Johanns is well-liked at home, has raised bushels of money since entering the race last fall he closed the first quarter with more than $1.3 million on hand and the Cornhusker State remains solid Republican territory. Additionally, Johanns has Hagel on his side, which is not always a given, and perhaps more importantly is strongly backed by popular Gov. Dave Heineman (R).
Still, the news is not all bad for Democrats in Nebraska this year. They actually have a choice in the Senate race, with Republican turned Democrat Raimondo and grass-roots hero Kleeb running in the primary. The outcome of this contest is hard to gauge at this point, with Kleeb likely to have the support of Democratic activists and Raimondo possibly securing the more rank-and-file but still dependable Democratic primary voters.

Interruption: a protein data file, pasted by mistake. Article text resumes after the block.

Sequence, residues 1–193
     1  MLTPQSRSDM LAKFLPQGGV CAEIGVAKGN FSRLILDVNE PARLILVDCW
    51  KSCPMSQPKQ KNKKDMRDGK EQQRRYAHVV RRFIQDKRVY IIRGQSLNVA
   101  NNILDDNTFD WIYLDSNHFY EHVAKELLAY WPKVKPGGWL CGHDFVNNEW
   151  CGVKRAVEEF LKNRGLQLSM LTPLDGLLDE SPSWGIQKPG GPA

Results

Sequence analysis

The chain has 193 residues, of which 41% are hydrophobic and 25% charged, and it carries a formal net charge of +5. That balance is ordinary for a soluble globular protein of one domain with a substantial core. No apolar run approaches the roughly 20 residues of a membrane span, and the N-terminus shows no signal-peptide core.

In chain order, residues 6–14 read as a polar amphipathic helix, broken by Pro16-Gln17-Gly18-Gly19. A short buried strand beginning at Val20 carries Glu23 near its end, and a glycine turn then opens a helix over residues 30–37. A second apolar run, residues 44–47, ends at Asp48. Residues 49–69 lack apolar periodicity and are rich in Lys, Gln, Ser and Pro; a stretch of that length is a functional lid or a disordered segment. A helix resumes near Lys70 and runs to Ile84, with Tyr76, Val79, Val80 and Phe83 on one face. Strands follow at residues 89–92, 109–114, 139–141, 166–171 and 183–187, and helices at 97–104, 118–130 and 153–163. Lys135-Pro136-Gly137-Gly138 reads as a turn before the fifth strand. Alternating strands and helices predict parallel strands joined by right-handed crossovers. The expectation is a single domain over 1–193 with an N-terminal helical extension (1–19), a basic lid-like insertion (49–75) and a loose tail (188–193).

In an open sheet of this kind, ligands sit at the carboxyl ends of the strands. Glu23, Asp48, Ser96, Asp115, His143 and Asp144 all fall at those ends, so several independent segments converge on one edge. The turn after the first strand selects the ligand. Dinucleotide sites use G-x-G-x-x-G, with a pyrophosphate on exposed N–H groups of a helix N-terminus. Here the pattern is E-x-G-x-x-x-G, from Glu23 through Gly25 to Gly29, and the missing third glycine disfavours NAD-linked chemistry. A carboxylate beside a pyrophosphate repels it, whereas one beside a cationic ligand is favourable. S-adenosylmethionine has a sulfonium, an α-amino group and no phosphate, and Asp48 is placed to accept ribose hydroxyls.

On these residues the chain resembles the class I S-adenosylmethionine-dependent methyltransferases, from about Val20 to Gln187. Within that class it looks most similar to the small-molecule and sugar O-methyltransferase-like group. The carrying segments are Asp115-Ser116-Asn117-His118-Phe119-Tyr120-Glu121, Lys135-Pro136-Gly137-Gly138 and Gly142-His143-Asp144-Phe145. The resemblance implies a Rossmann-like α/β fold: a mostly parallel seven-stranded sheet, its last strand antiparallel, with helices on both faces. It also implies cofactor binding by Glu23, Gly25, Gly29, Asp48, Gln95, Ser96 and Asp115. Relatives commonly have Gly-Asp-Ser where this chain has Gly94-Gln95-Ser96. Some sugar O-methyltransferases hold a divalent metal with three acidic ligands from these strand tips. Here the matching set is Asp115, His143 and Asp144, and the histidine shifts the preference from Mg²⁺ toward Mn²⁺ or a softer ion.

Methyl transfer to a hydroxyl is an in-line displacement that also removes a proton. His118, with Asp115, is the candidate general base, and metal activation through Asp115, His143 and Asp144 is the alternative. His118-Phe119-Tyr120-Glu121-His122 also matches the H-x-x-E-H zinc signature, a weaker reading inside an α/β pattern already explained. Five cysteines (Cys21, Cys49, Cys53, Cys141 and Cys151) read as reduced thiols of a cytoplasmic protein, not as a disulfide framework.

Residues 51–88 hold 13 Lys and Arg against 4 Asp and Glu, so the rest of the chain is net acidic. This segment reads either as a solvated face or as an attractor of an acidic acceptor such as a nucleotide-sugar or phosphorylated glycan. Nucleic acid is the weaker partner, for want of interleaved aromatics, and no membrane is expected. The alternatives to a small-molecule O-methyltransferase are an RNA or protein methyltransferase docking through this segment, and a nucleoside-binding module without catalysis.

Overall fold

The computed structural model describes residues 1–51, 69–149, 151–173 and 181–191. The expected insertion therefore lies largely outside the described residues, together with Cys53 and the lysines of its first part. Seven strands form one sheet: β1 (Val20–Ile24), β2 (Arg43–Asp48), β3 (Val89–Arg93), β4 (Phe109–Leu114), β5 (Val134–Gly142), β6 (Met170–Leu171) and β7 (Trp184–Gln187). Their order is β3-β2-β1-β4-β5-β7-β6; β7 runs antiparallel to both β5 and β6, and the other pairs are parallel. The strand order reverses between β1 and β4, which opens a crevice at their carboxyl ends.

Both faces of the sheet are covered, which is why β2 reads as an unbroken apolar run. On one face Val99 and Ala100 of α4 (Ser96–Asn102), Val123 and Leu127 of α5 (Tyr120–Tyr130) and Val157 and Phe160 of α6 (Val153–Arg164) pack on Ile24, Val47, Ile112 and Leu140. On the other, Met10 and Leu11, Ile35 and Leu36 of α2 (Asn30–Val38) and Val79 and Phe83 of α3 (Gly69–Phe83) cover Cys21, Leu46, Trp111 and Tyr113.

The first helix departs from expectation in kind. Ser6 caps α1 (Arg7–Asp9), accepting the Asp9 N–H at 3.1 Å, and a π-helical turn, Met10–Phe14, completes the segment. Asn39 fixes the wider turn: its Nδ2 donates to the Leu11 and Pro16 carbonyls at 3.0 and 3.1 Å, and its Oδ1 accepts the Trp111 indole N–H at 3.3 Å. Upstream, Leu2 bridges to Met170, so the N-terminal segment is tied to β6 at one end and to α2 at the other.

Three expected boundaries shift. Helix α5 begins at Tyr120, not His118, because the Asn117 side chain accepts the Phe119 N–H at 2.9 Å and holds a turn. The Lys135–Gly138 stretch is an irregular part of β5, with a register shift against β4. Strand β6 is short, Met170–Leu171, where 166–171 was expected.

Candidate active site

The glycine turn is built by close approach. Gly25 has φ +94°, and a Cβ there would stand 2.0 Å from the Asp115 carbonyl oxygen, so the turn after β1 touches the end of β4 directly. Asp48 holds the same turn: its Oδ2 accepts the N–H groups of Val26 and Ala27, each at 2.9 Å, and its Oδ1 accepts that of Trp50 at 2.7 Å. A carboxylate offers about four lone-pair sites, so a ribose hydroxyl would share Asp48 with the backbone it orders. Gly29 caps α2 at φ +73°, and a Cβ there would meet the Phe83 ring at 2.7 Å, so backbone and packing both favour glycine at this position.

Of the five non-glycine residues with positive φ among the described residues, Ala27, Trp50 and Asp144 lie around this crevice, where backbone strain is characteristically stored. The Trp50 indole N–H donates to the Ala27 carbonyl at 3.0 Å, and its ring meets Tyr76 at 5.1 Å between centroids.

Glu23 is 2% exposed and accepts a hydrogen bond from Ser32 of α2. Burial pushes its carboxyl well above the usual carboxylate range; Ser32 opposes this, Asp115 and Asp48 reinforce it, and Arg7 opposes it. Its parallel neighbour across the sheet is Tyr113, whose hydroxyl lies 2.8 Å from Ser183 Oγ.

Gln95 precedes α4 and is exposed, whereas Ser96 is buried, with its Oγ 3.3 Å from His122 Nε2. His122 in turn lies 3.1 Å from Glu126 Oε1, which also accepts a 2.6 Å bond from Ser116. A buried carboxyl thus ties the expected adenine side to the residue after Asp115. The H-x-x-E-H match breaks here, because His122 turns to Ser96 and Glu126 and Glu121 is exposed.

Democrats believe having Sen. Barack Obama (Ill.) at the top of the ticket as their presidential nominee could alter the playing field. Republicans are similarly buoyed, believing that a presidential election will create heavy turnout in a state where most voters tend to pull the lever for GOP candidates.
On the heels of some public polling that showed likely Democratic presidential nominee Sen. Barack Obama (Ill.) ahead in this Omaha-area district in the race for the White House, some Democrats believe this seat could be a sleeper in this years Congressional elections.
Two candidates, college instructor and Air Force veteran Richard Carter and 2006 nominee Jim Esch, are vying for the Democratic nomination here. Esch, a local business leader who is just in his 30s, ran a respectable race in the previous cycle despite being outspent more than 2-1.
This district is worth monitoring.